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THE STORY OF THE TWO CASTLES. Many people don’t appreciate Midhurst has two castles. The earlier one on St Ann’s Hill, the high point in Midhurst, founded by Roger of Montgomery shortly after the Norman Conquest in 1066; and the later one, Cowdray Castle, founded in the 1520’s, destroyed in a terrible fire in 1793, the Ruins of which now constitute a major ‘visitor attraction’ with its forminable kitchen tower still intact along with a wine cellar and muniment room.
The Norman Castle on St Ann ’s Hill – there are very few remains – is today just called Midhurst Castle . It’s a site of outstanding beauty and tranquillity, approached from the Town by a small meadow with several paths and a solitary bench, popular with picknickers. The castle site is under the canopy of several majestic, huge, old chestnut trees and the only sound is the caw-cawing of the resident jackdaws; and sometimes joyful dogs as they chase around the meadow. When the sun is setting in the west and sinking below the roof tops of the Town the light is amazing, and photographers get totally carried away.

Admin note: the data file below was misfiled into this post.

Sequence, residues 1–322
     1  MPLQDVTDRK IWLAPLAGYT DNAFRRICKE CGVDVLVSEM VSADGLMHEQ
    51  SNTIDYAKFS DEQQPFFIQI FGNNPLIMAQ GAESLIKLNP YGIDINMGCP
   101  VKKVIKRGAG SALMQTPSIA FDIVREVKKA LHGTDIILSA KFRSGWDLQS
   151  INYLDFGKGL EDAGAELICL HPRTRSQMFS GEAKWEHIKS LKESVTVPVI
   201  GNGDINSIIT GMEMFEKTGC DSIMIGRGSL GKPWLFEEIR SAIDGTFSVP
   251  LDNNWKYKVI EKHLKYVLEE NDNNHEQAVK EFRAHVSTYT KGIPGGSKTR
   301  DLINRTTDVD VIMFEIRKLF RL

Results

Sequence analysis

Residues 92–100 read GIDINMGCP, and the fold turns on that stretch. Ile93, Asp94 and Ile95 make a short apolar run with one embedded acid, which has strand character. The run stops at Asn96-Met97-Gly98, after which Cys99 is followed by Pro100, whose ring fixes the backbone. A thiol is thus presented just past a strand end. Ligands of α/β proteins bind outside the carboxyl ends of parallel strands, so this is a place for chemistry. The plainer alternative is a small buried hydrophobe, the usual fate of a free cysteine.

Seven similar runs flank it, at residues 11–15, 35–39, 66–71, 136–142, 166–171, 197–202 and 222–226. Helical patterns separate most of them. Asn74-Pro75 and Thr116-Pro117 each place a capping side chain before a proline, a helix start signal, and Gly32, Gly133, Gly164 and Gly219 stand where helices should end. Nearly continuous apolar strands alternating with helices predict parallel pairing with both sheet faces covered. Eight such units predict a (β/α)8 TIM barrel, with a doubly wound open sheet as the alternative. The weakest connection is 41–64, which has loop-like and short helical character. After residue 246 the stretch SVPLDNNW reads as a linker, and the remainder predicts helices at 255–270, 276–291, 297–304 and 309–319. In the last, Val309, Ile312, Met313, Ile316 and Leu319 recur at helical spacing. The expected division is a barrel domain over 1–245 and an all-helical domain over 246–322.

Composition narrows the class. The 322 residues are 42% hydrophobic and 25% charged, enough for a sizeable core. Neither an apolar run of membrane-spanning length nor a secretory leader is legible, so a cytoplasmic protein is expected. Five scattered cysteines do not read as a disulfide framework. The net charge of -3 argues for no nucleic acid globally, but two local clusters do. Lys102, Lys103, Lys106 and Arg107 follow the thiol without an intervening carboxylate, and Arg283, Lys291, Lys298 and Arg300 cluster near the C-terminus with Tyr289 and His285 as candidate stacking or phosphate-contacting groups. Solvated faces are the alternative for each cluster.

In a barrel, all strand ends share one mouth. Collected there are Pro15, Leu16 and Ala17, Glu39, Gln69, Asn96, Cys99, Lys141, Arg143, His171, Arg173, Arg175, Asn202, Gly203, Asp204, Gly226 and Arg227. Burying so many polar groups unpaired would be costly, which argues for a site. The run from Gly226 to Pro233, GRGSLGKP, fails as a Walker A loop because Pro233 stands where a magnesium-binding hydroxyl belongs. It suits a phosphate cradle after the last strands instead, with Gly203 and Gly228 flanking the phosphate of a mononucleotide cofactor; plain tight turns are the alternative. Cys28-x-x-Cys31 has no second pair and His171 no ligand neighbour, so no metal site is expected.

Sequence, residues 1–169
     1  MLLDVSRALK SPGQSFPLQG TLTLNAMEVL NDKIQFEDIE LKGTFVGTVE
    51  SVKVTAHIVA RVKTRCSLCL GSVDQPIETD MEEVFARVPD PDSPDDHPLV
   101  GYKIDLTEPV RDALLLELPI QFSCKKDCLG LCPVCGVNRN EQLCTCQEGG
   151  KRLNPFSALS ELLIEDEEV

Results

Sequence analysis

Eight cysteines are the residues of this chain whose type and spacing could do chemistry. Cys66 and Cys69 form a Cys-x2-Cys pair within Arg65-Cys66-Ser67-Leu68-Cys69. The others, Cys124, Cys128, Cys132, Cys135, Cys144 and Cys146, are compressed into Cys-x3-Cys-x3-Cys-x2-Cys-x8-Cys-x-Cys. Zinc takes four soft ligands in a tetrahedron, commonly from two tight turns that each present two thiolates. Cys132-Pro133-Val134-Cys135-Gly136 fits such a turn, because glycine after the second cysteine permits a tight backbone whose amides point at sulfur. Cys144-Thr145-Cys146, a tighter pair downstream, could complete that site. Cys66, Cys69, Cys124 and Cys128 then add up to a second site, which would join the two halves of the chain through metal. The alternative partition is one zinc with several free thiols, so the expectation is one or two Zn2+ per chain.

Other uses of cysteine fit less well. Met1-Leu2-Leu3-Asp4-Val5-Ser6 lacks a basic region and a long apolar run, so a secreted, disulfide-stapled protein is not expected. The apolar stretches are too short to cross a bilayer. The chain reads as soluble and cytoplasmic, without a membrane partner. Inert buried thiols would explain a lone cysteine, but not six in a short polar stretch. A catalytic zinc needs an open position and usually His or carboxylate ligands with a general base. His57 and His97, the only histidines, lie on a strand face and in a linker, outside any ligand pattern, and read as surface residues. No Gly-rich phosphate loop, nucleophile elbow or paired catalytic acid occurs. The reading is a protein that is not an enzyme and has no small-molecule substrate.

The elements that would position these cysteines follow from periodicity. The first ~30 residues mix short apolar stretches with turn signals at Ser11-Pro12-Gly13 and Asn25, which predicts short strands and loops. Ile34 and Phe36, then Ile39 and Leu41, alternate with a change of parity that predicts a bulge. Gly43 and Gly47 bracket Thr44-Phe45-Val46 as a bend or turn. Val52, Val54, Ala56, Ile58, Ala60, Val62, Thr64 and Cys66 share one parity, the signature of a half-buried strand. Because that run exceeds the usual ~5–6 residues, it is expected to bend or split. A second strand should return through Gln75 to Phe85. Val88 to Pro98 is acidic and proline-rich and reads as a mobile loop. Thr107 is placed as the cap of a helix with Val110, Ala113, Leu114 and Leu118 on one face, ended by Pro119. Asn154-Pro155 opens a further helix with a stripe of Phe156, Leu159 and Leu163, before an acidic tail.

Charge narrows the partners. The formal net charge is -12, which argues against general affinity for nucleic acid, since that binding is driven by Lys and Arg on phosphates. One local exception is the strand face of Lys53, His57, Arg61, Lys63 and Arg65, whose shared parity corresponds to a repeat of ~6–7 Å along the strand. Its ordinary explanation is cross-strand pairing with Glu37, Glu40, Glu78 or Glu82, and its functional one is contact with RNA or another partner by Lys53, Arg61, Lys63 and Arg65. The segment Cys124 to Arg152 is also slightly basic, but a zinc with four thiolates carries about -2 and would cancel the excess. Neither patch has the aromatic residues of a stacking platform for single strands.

The paths all drop down to the River Rother; and you can walk along the river bank to the environs of Cowdray Castle . For more on La Coudreye, the early Cowdray House, and The Norman Castle of Midhurst read these accounts on Midhurst Pages and Chichester District Council website.